Accelerating the transition to clean transportation

  • New emissions standards to reduce pollution: The EPA announced new standards in March to reduce harmful emissions from passenger cars and trucks as well as heavy duty trucks such as tractor-trailers, delivery trucks, and school buses. Transportation is the largest source of greenhouse gas emissions in the U.S., and these standards will cut billions of tons of emissions that drive climate change and create hazardous smog that causes respiratory illnesses like asthma, especially in communities near highways and other transportation hubs.
  • Charging stations for electric heavy-duty vehicles: To advance adoption of electric trucks and buses, in March the Biden-Harris administration introduced the National Zero-Emission Freight Corridor Strategy to guide development of a national network of charging stations for medium- and heavy-duty vehicles.
  • Funding for clean school buses: The EPA awarded $965 million to school districts from its Clean School Bus Grants program in January, ensuring more communities will breathe cleaner air by replacing toxic diesel school buses with clean electric models.

Prioritizing the health of our communities with cleaner air and water

  • Pausing approvals of hazardous LNG export projects: The growing number of liquefied methane gas (LNG) export facilities in the U.S. expose surrounding communities – often low-wealth and majority Black, Latine or Indigenous communities – to extremely hazardous pollution. In January, President Biden announced a pause on approval of pending LNG export projects to allow the Energy Department time to evaluate the projects’ health, economic, and environmental impacts.
  • Prioritizing clean water for our communities: On World Water Day in March, the Biden-Harris administration announced new actions to ensure clean water for our communities and protect freshwater resources. This announcement was closely followed by the Environmental Protection Agency’s release of the first-ever national drinking water standards for PFAS to protect 100 million people from these toxic ‘forever chemicals.’
  • Historic action against toxic PFAs pollution: Soon after the new drinking water standards release, the EPA announced it will also list PFAS as hazardous chemicals under the Superfund law, opening up federal resources to clean up PFAS contamination in communities across the country and hold polluters accountable.
  • Slashing toxic air pollution: The EPA released stronger air quality standards for soot pollution in February, a move that will prevent an estimated 4,500 premature deaths from heart and lung disease and other illnesses.To cut emissions of toxic pollution from chemical plants that elevate the risk of cancer and other illnesses in surrounding communities, the EPA released its new Hazardous Organics National Emissions Standards for Hazardous Air Pollutants (HON) rule in April.

Protecting public lands and preserving heritage and habitats

  • New protections for 13 million acres in the Arctic: Just last week, the Department of the Interior announced new protections against oil and gas development for 13 million acres in Alaska’s Western Arctic. The new rules will protect significant wildlife habitats as well as the resources and cultural heritage of 60 Alaska Native communities.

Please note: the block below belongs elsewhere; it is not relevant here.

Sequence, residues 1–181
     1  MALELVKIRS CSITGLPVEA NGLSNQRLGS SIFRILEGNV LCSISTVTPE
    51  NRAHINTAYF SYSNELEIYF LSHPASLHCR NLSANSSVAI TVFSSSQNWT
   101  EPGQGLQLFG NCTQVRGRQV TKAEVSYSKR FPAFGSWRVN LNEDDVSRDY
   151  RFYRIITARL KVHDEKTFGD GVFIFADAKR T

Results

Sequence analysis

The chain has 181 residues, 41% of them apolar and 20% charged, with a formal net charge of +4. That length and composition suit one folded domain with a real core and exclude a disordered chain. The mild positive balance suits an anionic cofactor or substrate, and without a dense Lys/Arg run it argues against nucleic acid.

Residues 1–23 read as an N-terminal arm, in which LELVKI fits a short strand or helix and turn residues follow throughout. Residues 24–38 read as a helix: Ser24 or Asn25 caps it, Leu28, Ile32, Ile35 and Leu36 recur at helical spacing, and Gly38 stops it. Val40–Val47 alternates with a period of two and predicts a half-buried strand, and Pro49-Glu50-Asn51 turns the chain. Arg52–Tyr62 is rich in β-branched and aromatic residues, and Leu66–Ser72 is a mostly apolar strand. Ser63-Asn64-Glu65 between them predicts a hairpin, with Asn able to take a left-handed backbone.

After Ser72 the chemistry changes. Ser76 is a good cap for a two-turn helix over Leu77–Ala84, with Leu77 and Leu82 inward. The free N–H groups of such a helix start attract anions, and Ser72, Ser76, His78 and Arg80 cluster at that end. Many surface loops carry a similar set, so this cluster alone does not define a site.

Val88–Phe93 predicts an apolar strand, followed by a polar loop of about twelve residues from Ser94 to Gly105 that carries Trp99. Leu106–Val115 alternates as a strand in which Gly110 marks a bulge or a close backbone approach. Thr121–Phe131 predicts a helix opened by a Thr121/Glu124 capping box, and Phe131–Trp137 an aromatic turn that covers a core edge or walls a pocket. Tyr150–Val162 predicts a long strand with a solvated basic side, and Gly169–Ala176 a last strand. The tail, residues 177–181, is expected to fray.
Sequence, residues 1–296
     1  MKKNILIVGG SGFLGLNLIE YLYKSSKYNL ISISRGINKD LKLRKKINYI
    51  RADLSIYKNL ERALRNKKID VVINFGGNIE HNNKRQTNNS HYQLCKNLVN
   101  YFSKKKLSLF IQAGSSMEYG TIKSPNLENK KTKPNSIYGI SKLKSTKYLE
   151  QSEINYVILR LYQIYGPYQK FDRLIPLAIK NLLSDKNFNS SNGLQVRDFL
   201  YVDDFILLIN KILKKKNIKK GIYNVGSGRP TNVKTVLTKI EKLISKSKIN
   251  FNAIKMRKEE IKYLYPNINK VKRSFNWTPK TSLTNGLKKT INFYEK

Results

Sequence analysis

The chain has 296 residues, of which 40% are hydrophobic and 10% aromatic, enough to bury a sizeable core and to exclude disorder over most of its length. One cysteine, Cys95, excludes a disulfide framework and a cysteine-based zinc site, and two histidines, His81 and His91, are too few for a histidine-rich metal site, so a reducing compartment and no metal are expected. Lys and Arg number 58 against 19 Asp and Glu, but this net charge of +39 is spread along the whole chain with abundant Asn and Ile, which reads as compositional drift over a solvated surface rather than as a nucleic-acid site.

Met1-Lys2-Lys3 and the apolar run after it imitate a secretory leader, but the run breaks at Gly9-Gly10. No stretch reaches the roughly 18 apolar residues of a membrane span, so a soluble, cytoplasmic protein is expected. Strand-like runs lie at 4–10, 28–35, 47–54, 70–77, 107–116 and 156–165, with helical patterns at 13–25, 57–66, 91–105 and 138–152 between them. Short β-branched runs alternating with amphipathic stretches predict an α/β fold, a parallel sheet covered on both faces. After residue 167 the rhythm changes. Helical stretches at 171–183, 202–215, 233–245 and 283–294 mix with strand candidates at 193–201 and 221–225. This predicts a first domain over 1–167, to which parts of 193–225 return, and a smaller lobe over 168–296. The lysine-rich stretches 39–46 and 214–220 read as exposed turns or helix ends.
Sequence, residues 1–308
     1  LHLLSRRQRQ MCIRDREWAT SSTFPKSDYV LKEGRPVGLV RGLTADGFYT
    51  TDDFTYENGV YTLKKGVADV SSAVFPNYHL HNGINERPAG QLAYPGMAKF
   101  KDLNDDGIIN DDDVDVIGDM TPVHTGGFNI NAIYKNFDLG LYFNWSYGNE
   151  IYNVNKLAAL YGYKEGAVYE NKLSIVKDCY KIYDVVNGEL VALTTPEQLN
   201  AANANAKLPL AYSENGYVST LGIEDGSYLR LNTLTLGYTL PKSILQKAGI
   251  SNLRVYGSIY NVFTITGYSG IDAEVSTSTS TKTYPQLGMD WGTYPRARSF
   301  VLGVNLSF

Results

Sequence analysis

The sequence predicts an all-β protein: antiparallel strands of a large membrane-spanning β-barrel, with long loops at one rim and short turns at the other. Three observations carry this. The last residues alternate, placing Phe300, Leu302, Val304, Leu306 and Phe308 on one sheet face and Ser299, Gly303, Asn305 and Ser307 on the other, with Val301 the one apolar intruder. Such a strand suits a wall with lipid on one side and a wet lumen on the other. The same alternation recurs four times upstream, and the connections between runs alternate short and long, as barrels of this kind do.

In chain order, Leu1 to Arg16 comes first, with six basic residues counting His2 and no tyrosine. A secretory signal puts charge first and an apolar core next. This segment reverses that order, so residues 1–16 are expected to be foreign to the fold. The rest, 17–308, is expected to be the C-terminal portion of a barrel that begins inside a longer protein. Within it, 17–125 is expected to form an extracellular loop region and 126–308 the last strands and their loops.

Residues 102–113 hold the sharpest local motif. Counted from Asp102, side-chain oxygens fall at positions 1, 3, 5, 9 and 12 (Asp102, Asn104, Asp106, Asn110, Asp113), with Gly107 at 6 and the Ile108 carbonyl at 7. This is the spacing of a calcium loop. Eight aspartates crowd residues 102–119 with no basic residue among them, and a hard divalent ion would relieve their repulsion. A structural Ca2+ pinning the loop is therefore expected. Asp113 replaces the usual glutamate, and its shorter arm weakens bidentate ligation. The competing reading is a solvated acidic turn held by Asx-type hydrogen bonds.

• New conservation rules for the largest manager of U.S. public lands: The Department of the Interior also recently announced a series of rules to strengthen the Bureau of Land Management’s conservation efforts, tighten its regulations on oil and gas development, and promote its responsible development of renewable energy on public lands. The DOI also announced it has permitted nearly 29GW of clean energy projects to date, enough to power 12 million homes.
  • Strengthening the Endangered Species Act: In March the Biden-Harris administration announced new rules to strengthen critical protections for endangered species that the Trump administration gutted. With a track record of bringing more than 100 species of plants and animals back from the brink of extinction over its 50 year history, the ESA is a critical tool to protect vulnerable ecosystems against the impact of climate change and other threats.

Extreme MAGA Republicans in Congress are pushing back on climate progress

All of these wins add up to momentous progress. But whenever there is progress, there is also pushback. Extreme MAGA Republicans in Congress are fighting to roll back the Biden-Harris administration’s historic wins for people and the planet. As just a few recent examples, they are attempting to:

  • Force approvals of massive LNG export infrastructure: Republicans in the House passed a bill in February to undo the LNG export pause, and led an ultimately failed attempt to include a rider ending the pause in the foreign aid bill passed last week.
  • Block cleaner cars rules: The Senate passed a resolution earlier this month undoing the Federal Highway Administration’s final rule setting a national performance management measure for greenhouse gas emissions. Last week, Democrats in the Senate successfully defeated an amendment brought by Senator Mike Crapo (R-ID) that would have gutted the EPA’s cleaner cars rule.
  • Prioritize Big Polluters over people: During their dirty “energy week” in March, MAGA Republicans passed a slew of bills to reject protections for communities and the planet, and instead protect Big Polluters. Provisions in these bills include rolling back Clean Water Act protections while shielding polluters from liability, rejecting the BLM’s new oil and gas rule, and repealing the Greenhouse Gas Reduction Fund.

Keeping up the fight for people and the planet

This Earth Day, while we celebrate all of these wins and more, we’re keeping up the fight to prevent them from being rolled back while pushing forward on new victories.  Celebrate Earth Day and join the fight – get involved today and take action to help protect your community and the planet.

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Thank President Biden and the EPA for Cleaner Cars and Trucks

Tailpipe emissions are the leading cause of climate change in the U.S., and lead to respiratory diseases like asthma. The Biden-Harris administration just finalized stronger rules that protect us from tailpipe emissions while accelerating clean vehicle adoption. Take action to thank President Biden and EPA Administrator Regan for helping to protect the health of families, reduce carbon pollution, and bring us close to 100% new clean vehicles sold by 2035.

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A worker completes a vehicle emissions test.